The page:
Skip to Content
Client Alerts Print PDF

Debtors Behaving Badly: Non-Dischargeability of Debt Based on Debtor’s “Bad Acts”

September 21, 2021

Michael H. Traison
Chicago/NYC – 312.860.4230

Amanda A. Tersigni
Garden City – 516.357.3738

Samantha Schneider
NYC – 212.701.4100

It is said that the word bankruptcy originated in the middle ages from the term “breaking the bench.” At that time, rupturing a craftsman’s bench was the punishment for defaulting. Later, debtors were punished for their failure to pay their debts through imprisonment. Neither approach helped the creditor. Rather, it punished those dependent upon the debtor for support. In the late 19th Century, the American system of bankruptcy was created to break from these policies and provide debtors a fresh start.

This “fresh start” is engrafted in the Bankruptcy Code (hereinafter, the “Code”). It may allow debtors to be forgiven for some, or all, of their debts.

In an earlier client alert, we discussed the nondischargeability of debt: Non Dischargeable Debts - Cullen and Dykman LLP (cullenllp.com). Section 523 of the Code creates exceptions to the discharge of certain types of debts. Section 727 of the Code permits the bankruptcy court to deny discharge of a debtor. Creditors may either object to the debtor’s overall discharge or discharge of a specific debt.

Creditors may ask the court to declare a debt nondischargeable. Examples include debts arising from (i) money, property or services provided to the debtor obtained by false pretenses, false representation or actual fraud (section 523(a)(2)(A)); (ii) debtor’s fraud or defalcation while acting in a fiduciary capacity, embezzlement, or larceny (section 523(a)(4)); or (iii) debtor’s willful and malicious injury to another entity or property of another entity (section 523(a)(6)).

Our recent legal alerts discuss student loan debt, which is another type of debt that can be nondischargeable pursuant to section 523(a)(8) of the Code: Student Loan Debt Discharged in Recent Bankruptcy Court Opinion - Cullen and Dykman LLP (cullenllp.com); Student Loan Debt Discharged in Recent Illinois Bankruptcy Court Opinion - Cullen and Dykman LLP (cullenllp.com); Another Bankruptcy Court Rules in Favor of Discharging Student Loan Debt. - Cullen and Dykman LLP (cullenllp.com)]; An Update on Student Loan Debt: Interpretation of the Statute is Critical - Cullen and Dykman LLP (cullenllp.com).

A recent case in Illinois, McGee v. Reed (In re Reed), No. 18bk19801, 2021 WL 4028730 (Bankr. N.D. Ill. Sept. 3, 2021), illustrates the court’s ability to deny discharge of a debt due to bad acts. Here, the debtor falsely altered a power of attorney using it to deceptively withdraw funds from a bank account without the holders’ permission. The court determined section 523(a)(2)(A) precluded discharge of the debt as actual fraud. The court found the creditor established that (1) fraud occurred; (2) with debtor’s intent to defraud; and (3) the fraud created the debt. The debtor was required to repay the money she fraudulently obtained.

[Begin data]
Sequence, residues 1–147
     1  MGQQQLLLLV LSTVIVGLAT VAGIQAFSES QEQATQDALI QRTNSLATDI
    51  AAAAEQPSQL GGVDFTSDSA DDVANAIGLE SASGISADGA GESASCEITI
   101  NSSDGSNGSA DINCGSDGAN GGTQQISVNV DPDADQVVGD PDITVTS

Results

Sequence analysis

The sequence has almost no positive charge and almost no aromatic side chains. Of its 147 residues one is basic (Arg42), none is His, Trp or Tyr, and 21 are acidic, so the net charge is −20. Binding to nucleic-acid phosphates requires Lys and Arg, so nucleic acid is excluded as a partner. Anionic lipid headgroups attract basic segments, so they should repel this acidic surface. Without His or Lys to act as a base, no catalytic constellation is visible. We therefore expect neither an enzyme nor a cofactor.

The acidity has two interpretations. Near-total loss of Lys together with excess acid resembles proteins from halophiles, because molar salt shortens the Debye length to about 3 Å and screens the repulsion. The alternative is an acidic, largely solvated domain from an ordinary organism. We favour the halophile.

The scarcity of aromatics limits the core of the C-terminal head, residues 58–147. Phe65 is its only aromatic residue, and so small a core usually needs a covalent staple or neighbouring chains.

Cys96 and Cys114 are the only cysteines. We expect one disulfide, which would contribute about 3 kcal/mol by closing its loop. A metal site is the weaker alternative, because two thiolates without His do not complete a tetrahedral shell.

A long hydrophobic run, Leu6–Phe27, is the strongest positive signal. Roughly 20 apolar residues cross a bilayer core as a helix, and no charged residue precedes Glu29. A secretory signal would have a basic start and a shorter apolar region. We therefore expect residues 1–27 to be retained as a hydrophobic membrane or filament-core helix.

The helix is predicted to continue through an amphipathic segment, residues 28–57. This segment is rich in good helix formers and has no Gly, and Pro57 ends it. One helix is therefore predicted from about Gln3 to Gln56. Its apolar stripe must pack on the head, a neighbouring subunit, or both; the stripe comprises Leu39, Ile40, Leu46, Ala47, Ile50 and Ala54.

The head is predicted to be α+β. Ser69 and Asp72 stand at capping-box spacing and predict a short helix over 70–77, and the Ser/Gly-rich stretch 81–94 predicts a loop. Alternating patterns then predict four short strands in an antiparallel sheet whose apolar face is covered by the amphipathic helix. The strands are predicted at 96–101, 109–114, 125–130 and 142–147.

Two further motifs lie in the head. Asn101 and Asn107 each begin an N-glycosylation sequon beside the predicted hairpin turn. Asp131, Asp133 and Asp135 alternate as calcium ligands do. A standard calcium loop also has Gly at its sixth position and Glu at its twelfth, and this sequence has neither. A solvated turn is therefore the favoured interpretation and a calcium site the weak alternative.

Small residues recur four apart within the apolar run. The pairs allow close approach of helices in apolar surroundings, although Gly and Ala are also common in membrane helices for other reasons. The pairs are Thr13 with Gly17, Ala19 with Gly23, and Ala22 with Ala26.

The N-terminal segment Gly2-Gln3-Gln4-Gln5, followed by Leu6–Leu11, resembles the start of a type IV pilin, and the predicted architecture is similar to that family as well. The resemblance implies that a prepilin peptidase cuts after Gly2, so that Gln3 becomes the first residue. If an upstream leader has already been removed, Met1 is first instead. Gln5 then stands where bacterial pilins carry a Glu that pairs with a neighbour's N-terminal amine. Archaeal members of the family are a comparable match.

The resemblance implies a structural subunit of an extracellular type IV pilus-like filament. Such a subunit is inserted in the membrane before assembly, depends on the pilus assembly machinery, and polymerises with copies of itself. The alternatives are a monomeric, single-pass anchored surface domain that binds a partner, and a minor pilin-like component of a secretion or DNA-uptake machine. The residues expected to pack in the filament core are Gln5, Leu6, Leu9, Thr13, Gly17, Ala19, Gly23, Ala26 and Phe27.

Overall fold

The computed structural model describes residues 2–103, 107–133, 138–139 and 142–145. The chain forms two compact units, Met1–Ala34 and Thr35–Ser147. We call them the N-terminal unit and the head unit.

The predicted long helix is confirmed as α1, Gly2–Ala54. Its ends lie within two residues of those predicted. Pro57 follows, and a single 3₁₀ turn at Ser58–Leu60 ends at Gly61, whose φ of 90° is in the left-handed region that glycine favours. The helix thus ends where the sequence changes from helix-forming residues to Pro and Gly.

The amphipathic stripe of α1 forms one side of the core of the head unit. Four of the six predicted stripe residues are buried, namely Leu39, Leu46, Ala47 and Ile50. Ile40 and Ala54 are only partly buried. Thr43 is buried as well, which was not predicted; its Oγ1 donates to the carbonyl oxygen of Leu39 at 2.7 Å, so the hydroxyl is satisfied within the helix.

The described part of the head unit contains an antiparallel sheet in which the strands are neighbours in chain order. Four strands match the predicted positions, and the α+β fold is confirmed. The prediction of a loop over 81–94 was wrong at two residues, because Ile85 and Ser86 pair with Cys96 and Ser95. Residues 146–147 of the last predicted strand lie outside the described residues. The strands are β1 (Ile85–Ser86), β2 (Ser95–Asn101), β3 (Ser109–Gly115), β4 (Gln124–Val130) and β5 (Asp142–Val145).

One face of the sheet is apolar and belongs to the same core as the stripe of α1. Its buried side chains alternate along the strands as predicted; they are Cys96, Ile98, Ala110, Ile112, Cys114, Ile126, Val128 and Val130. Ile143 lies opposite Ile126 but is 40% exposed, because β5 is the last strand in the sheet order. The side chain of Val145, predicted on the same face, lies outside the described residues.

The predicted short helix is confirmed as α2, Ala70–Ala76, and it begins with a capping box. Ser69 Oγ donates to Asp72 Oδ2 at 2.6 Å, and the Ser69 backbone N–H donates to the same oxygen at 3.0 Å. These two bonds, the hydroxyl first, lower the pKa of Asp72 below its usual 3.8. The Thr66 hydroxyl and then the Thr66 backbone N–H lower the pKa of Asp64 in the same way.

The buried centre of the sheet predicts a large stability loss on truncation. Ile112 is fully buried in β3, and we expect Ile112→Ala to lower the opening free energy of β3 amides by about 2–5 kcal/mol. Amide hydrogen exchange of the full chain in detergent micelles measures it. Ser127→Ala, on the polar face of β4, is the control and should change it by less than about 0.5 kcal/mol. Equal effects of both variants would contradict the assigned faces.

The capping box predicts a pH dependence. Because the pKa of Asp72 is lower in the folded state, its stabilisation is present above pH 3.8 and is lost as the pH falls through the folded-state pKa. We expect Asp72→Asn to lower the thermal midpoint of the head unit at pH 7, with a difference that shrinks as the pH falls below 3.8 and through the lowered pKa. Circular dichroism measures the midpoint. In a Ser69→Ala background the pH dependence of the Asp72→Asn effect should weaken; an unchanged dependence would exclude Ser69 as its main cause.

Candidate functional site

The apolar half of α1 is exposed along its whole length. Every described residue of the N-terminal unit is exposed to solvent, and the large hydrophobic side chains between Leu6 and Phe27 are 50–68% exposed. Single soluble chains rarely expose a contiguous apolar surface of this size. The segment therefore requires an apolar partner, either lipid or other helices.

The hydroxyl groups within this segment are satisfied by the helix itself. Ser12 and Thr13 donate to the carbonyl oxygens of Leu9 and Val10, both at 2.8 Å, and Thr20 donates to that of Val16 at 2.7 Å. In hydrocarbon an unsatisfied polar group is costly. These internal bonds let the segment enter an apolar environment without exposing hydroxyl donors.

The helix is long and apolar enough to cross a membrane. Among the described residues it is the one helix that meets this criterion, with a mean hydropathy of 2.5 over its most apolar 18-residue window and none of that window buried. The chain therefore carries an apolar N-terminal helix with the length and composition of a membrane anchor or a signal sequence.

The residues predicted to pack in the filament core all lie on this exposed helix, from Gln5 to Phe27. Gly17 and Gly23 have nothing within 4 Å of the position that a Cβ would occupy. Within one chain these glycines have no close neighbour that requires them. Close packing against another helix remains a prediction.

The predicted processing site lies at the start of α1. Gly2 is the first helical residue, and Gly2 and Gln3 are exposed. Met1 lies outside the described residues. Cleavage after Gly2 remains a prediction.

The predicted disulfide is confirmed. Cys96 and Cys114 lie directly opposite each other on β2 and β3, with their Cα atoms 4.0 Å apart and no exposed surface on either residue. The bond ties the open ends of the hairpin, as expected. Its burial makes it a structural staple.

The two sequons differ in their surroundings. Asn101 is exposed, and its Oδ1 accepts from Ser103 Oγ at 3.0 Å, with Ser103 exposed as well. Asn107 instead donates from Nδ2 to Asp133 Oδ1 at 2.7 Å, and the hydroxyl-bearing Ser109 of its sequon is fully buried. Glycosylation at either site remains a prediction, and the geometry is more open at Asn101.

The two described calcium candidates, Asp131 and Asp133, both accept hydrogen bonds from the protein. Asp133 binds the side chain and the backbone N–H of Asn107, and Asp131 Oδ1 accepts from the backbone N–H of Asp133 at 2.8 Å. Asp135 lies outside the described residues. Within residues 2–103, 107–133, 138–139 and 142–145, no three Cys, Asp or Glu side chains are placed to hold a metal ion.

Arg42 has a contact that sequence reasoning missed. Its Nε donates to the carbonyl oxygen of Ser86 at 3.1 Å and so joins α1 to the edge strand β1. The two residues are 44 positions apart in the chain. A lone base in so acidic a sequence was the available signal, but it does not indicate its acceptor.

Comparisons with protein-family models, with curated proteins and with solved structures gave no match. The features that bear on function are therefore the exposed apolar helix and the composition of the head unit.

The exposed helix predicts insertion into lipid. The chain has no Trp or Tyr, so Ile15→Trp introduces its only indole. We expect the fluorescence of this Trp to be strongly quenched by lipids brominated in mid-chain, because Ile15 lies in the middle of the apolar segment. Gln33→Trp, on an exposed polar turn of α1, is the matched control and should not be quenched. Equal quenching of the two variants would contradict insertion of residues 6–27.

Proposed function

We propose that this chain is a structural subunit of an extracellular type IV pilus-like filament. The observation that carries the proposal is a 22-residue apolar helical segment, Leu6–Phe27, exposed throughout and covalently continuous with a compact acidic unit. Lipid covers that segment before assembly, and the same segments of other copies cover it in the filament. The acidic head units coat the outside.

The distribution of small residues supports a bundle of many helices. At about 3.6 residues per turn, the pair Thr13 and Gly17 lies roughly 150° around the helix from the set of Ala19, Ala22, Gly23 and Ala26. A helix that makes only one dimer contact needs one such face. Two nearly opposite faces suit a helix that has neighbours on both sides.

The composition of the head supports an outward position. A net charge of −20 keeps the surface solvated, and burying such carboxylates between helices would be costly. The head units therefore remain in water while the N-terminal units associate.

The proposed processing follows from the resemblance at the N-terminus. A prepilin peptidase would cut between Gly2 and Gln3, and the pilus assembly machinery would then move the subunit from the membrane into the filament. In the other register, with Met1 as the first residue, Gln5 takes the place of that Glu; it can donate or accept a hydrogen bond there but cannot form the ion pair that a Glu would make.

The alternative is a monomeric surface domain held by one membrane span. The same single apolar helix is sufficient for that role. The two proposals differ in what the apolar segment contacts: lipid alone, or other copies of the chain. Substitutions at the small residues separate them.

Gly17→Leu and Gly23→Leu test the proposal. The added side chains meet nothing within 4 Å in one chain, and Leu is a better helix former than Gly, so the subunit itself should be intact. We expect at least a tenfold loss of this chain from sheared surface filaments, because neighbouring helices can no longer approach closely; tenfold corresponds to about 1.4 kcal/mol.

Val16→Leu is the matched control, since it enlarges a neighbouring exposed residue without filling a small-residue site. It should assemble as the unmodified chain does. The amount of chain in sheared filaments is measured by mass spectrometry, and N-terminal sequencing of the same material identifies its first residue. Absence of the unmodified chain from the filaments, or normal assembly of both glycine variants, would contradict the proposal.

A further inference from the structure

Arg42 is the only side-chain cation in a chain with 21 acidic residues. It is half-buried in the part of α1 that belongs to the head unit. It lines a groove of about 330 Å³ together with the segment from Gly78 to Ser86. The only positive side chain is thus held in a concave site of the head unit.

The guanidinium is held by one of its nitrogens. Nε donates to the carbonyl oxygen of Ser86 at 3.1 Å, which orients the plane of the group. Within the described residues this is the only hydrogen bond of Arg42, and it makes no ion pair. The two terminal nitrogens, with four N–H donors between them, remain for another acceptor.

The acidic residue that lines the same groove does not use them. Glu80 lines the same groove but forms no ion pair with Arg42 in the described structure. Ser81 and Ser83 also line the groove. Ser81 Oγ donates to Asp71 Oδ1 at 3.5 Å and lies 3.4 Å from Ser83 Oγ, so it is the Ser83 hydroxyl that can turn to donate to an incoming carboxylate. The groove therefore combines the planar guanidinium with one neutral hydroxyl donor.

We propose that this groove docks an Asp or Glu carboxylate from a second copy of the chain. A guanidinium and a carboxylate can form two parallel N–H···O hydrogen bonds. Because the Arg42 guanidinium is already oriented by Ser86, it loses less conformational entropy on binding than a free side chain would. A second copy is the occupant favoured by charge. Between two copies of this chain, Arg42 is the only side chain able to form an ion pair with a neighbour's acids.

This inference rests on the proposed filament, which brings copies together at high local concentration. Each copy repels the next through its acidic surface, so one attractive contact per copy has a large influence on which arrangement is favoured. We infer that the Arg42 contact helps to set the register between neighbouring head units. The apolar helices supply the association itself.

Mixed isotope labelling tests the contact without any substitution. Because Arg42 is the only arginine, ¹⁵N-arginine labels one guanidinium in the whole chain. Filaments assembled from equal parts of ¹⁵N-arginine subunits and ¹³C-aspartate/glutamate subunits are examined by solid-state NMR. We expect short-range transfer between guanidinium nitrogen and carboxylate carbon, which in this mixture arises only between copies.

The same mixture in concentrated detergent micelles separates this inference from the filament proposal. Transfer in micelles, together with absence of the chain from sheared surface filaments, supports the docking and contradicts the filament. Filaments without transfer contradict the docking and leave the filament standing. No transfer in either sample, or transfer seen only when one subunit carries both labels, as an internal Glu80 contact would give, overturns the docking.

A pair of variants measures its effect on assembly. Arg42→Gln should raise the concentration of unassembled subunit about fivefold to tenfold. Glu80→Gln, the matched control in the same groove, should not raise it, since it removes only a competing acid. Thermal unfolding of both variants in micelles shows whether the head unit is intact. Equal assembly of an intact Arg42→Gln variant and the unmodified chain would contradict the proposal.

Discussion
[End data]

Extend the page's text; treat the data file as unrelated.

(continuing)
In another case, the Second Circuit Court of Appeals in In re Snyder, 939 F.3d 92 (2d Cir. 2019) found a debtor’s bad acts weighty enough to deny dischargeability. The debtor here agreed to invest his friend’s money in a building project. Instead, the debtor used these funds for his own personal and business expenses. Considering the defalcation exception, the court found a fiduciary relationship between the parties and the debtor acted with gross recklessness by improperly using his friend’s money for himself. Due to these bad acts, the debts were not discharged under sections 523 (a)(4) and (6) of the Code.

Creditors confronted with bankruptcy of their debtor should be aware that although the fresh start is available as to most debt, some debts may be nondischargeable. As such, creditors may hold the power to object to the debtor’s discharge or dischargeability of its particular debt.

However, a debt falling within one of the exceptions does not automatically except it from discharge. It is the burden of the creditor to act. Consulting insolvency counsel to evaluate whether a debt may be excepted from discharge is advisable.

Please note that this is a general overview of developments in the law and does not constitute legal advice. Nothing herein creates an attorney-client relationship between the sender and recipient. If you have questions regarding these provisions, or any other aspect of bankruptcy law, please contact Michael Traison at 312.860.4230 and/or Amanda Tersigni at 516.357.3738.

Share on Social Media

Related Attorneys

Related Practice Areas